When Facebook, Instagram, and WhatsApp all went dark on Oct. 4, Courtney Nash recognized the outage for what it was: a potential disaster. The hours-long outage didn’t just stop the global flow of dog videos and vacation updates from your uncle in Wyoming, it effectively shut down the Internet for a large portion of the world. For billions of people, those services are the Internet, and with all of them offline, communications in many countries just disappeared.
“When these systems like Facebook or WhatsApp go down, it’s almost life-threatening for a lot of people,” said Nash, a researcher who studies the way that large systems fail and what the consequences of those failures are.
Even though it only lasted about six hours, failures like the one at Facebook--which was caused by an erroneous command being pushed to the company’s global backbone network--can have massive downstream effects and cause cascading failures across the globe. The effects can last for days in some cases, but once the incident is resolved most of the world moves on to the next shiny new failure. Many large platform providers and site owners that experience outages, security incidents, and other issues publish after-action reports or post mortems laying out the root cause and how the issue was resolved. Some of those are plain English, while others are highly technical. But regardless of format, those reports usually live on the affected company’s website and anyone who’s interested has to hunt them down, and doing any kind of trend or common cause analysis is difficult.
Nash wanted to fix that. So for the last year she has been collecting reports of all kinds of outages, security incidents, data loss incidents, connection problems, and many other types of problems and building out a comprehensive, searchable database. The result is the Verica Open Incident Database (VOID), which comprises reports on nearly 2,000 software-related incidents culled from around the web.
“I was starting to study failure modes for Kubernetes and other systems. No one had ever collected all of these reports together in one place before. There are security related ones, but it doesn’t exist for availability. They’re all scattered and some are intentionally obfuscated,” Nash said.
“I wanted to pull it all together for other researchers and press and analysts. The whole goal is to share this and make things safer and more reliable for everyone.”
One of the accepted methods for figuring out what happened in an incident is a root cause analysis (RCA). Digging into the details and teasing out exactly what caused an outage or security incident is standard practice, but Nash said RCAs can lead to organizations focusing too much on the root cause at the expense of discovering how the system actually failed. Only about 25 percent of the reports had a public RCA included, but Nash would like to see that number drop even further.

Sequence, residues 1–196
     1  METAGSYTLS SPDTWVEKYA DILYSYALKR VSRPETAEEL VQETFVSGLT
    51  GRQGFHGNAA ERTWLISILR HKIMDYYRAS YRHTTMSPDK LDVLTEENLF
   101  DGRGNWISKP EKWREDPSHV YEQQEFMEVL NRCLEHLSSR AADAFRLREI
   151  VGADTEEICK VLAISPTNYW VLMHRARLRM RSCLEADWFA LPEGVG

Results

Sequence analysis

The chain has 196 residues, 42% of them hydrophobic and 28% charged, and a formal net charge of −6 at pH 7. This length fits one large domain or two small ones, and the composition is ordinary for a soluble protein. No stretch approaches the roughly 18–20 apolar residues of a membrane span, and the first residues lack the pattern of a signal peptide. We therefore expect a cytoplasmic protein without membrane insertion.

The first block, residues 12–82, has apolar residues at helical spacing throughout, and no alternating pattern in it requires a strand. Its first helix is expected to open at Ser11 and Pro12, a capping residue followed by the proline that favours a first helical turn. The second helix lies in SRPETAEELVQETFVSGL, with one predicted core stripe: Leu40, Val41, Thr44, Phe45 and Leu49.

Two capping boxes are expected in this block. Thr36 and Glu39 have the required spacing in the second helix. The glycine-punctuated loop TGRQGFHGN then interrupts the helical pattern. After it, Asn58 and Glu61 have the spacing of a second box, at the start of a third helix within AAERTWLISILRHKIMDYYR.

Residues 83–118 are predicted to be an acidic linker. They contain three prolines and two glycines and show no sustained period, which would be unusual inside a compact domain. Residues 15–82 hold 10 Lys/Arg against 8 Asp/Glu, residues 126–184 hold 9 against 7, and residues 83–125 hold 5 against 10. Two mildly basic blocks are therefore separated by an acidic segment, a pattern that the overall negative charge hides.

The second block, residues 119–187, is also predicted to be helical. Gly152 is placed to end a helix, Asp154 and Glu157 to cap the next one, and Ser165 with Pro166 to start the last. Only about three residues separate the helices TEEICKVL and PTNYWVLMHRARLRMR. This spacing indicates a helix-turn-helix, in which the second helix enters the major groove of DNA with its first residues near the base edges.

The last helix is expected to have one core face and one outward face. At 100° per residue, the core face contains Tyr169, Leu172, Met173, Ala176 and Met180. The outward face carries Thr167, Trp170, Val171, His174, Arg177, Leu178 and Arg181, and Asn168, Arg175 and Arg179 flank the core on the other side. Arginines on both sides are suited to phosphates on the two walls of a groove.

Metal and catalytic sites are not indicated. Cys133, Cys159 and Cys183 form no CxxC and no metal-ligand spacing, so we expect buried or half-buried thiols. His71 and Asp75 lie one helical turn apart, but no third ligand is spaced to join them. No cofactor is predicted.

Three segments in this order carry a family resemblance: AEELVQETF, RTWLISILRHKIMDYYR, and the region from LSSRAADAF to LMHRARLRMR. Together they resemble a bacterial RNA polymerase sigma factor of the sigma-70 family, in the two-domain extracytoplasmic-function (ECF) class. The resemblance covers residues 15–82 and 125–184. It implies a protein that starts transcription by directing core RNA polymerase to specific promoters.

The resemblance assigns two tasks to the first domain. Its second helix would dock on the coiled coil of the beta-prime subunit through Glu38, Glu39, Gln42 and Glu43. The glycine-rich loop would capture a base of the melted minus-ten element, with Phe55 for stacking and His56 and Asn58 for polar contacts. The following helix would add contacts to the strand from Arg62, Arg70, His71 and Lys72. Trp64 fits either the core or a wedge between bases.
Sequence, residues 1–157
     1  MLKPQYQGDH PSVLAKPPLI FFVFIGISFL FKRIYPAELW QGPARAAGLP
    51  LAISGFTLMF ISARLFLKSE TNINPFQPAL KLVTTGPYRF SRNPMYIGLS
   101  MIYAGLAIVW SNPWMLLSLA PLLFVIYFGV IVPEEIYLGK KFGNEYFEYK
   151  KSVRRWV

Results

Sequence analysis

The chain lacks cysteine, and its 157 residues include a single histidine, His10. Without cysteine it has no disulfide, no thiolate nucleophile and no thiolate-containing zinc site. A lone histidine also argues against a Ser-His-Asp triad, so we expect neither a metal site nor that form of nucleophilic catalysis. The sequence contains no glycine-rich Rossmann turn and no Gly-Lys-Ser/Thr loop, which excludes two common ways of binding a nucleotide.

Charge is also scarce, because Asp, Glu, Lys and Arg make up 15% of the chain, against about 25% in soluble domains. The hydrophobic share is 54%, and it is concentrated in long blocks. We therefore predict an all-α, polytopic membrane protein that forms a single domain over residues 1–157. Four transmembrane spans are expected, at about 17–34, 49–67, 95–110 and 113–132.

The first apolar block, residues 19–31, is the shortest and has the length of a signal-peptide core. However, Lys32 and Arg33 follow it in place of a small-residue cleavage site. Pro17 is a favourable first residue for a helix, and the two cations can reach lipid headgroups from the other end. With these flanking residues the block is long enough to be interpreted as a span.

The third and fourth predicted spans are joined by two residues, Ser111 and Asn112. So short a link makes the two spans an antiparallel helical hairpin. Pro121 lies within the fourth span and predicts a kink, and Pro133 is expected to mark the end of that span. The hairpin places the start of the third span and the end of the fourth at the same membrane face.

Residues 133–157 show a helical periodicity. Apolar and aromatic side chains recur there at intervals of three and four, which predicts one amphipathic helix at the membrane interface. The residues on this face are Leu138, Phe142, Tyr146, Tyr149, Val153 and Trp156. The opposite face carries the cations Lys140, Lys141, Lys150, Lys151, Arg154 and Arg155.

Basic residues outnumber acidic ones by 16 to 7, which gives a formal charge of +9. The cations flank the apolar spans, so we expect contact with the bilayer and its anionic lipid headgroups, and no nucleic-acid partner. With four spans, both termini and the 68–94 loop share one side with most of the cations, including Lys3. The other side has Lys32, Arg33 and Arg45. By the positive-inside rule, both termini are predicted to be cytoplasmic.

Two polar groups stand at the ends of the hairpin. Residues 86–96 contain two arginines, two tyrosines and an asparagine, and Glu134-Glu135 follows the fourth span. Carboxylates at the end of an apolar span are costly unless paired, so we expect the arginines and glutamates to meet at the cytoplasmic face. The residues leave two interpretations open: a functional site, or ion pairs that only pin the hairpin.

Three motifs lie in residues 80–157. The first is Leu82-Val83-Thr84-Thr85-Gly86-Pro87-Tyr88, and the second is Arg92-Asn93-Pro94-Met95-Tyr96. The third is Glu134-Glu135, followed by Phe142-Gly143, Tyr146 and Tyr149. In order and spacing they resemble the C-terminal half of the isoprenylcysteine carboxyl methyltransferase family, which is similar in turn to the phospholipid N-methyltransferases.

“When you pin it on humans, you create a situation where humans are reluctant to speak about incidents."
“If you’re doing the root cause analysis, that can lead to some unhealthy behaviors in companies. We don’t have a lot of research on that,” she said.
Another way that organizations often look at the impact of outages or incidents is the mean time to resolve (MTTR) metric. Of the more than 1,800 reports in the VOID database, more than half of them were resolved in less than two hours. Is that good? Does that measurement mean anything? What does MTTR even tell you? Nash isn’t sure.
“On a purely statistical basis, if you don’t have a good distribution, the mean and median don’t tell you anything. Mean isn’t a good indicator,” she said.
“Also, how do you know if your time to resolve is good, and what to do about it if it isn’t? Or if it is good, what are the processes that made it that way?”
Along with the confirmed outages and other incidents, Nash also was interested in seeing how well the industry was doing at documenting and analyzing incidents that almost happened, but didn’t. Many industries, notably the airlines, routinely study near misses and publish analyses of them. But this isn’t yet common practice in the software or security industries. Nash was able to find just seven near-miss reports.
“The airline industry is adamant about this. When nothing bad happens, you have less finger pointing and blame, and you find more of the business and social pressures that can cause incidents,” Nash said. “When you pin it on humans, you create a situation where humans are reluctant to speak about incidents. As an industry, we’re actually pretty good at a lot of this stuff. And that’s not the message that gets out there.”
Nash plans to publish two “chunky” reports per year from the VOID data, and is hoping to attract more data partners. Right now the data collection is done manually, something she wants to automate at some point in the future. For now, Nash hopes organizations will take advantage of the VOID database and use it to inform their own practices.
“I harbor this deep-seated hypothesis that companies that analyze this kind of data tend to be better at these activities in the long run,” she said.